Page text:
Pork Wrap July 21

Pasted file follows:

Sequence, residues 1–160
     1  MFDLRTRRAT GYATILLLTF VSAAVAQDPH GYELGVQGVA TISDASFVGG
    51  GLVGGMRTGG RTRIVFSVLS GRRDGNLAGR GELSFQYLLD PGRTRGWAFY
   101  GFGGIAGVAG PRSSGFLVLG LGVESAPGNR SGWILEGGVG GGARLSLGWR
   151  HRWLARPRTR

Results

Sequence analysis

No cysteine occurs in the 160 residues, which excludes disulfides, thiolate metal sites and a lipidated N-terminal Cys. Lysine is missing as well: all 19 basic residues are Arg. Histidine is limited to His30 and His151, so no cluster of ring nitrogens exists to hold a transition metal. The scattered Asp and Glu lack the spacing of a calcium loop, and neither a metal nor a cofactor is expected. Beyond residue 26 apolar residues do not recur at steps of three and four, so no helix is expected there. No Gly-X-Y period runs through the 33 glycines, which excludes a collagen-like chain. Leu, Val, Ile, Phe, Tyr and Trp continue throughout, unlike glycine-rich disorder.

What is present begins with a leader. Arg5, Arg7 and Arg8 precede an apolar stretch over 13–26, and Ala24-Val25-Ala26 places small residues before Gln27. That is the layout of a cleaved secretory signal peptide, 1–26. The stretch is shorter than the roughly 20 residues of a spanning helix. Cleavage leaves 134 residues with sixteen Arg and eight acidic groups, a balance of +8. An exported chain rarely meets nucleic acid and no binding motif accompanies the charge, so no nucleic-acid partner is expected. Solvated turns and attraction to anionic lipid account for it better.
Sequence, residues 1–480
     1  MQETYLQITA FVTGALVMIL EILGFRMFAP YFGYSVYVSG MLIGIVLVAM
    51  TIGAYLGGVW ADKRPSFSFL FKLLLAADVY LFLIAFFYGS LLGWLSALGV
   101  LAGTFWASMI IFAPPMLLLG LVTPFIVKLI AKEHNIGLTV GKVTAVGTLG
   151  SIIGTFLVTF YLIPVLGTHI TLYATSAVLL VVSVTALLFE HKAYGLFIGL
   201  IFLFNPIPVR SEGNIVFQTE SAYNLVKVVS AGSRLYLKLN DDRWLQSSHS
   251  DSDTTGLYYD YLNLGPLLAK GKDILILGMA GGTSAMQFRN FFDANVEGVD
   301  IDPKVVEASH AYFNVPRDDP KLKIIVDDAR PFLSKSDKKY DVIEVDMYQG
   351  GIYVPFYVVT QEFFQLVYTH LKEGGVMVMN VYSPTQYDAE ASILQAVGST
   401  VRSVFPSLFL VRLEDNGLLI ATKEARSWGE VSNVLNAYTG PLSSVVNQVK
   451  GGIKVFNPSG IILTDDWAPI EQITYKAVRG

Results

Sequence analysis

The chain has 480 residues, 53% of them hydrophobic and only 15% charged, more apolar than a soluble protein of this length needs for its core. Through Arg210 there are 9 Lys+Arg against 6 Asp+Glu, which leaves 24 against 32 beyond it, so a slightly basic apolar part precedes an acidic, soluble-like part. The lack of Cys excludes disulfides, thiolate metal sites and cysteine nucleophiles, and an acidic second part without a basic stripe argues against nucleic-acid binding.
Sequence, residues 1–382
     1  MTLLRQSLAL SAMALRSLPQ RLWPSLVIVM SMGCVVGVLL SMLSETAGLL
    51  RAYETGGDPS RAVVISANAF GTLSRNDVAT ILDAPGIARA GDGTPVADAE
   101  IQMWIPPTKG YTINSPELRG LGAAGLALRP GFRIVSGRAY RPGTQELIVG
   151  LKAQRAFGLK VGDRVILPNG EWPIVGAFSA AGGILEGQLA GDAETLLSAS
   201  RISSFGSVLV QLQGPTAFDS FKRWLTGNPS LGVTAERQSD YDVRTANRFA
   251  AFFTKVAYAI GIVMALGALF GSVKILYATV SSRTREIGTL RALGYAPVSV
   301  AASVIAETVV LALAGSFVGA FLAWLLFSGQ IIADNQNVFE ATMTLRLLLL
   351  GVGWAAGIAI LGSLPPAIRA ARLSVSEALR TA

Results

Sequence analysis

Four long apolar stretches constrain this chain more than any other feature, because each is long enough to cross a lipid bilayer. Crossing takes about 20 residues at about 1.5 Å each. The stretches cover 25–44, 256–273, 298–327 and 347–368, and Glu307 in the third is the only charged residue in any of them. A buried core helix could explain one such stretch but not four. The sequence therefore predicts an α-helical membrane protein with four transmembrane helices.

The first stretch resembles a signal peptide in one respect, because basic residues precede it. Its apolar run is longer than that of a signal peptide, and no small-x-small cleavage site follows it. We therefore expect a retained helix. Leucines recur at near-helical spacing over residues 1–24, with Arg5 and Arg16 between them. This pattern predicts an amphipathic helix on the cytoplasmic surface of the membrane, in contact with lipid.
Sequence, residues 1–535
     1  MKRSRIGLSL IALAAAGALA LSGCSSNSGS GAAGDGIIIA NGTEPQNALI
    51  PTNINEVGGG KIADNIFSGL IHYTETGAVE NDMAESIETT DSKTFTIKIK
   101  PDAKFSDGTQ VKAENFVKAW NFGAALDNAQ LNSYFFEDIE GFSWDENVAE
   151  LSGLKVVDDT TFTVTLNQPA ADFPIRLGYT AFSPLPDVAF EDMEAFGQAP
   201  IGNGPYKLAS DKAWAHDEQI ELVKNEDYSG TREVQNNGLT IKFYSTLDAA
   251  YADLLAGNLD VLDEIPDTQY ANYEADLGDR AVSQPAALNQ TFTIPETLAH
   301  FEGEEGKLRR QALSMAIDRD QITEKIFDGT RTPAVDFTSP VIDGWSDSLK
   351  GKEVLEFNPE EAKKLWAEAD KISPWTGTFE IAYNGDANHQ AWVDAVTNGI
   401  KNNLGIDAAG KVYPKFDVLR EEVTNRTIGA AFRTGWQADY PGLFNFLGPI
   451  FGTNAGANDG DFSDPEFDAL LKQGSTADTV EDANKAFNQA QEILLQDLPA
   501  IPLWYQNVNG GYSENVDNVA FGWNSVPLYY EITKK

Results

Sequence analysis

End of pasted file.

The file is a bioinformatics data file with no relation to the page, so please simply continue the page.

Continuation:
Cash hog prices worked higher again this week, with the WCB negotiated market averaging $104.13, a $3.50/cwt increase from last week. Packers can afford to pay more for hogs because they are getting more for their pork. This week, the cutout averaged $113.67, up $2.26 from last week’s average. The cutout has been moving higher since mid-April and doesn’t seem to be ready to turn lower yet. One worrisome feature of this week’s market is the fact that most of the increase in the cutout could be traced back to just one item—the bellies. The belly primal added almost $30/cwt on a weekly average basis. At the same time, the retail items were pricing steady to softer. Butts continue to be the weak sister of the carcass, but they may be nearing the end of a very steep downward correction. Hams were a little stronger this week, but it is beginning to look like some of the wind is starting to come out of those sails too. Toward the end of the week the 23/27 lb hams printed a little softer, but the test on those was mild and I want to see how they perform early next week before I declare the ham rally to be dead. That leaves the bellies as the sole source of support and they are rising rapidly as bellies are often prone to do, but everyone knows that bellies can turn on a dime and come down just as fast as they went up so a certain level of nervousness is understandable. My forecast has the bellies continuing higher for another couple of weeks before high prices start to cure high prices. At the same time, I don’t really expect the other primals to fall apart rapidly, but rather gently ease lower as production starts to expand in August. That results in a forecast that has the cutout holding near $115 for a couple more weeks and then easing downward toward $106 at the end of August. Last year, the cutout peaked in the last week of July, then dropped $3 a week for the next two weeks before a major belly crash took the cutouts quickly lower near the end of August. The ham situation is uncertain because some softening of domestic demand typically takes place during August, but we also export a lot of hams to Mexico and hog and pork prices in Mexico are very high right now, so we could continue to see good movement of hams into the export market. Even though ham prices are at their highest level so far in 2023, they have been consistently lower than last year since the middle of March. Further, last year the hams peaked in the last week of July, so if we are on that same schedule again this year, then a move lower in the hams could be just around the corner. The combined margin continued higher again this week, so that is a sign that we are still in a demand upcycle. However, everyone knows that this cycle has been exceptionally long and is overdue to turn lower. Certainly, futures traders are thinking that way, as the Aug contract settled today at $100.67 while the LHI that is settles to is projected to reach $106 by early next week. Given that Aug will expire in a little over three weeks, it is pretty brave for traders to keep the futures at such a big discount to an index that is trending higher. The Aug contract did add almost $4.50 this week as traders soon realized that pricing in the mid $90s was untenable. This week’s kill registered 2.32 million head, which was very close to what the pig crop suggested. It is starting to look like USDA did a much better job of estimating the Dec/Feb pig crop than they did in previous quarters because the cumulative overkill is only about 50k head—well below what we saw Q1 and Q2. I look for next week’s slaughter to be similar to this week and then in the first week of August we could see the kill expand modestly to 2.4 million head. By the end of August, the kill should reach 2.5 million head if the pig crop estimate is correct. Carcass weights were reported steady this week, but they likely will decline at least another couple of pounds before they turn seasonally higher. That should keep pork supplies relatively snug for a couple more weeks and that is a big reason why I don’t expect a significant near-term softening in the cutout. So far, there hasn’t been much evidence of a Prop 12 effect in the pork market, but that doesn’t mean that traders don’t continue to worry about it. My thought is that if Prop 12 is going to cause a pricing problem, it is more likely to happen in the fall or early winter when hog and pork supplies are seasonally large, and the state of California is more focused on enforcement than they are right now. Next week, expect more of the same, with cash hog prices moving higher and bellies continuing to show strength. Watch the hams closely for signs that the rally there may be coming to an end.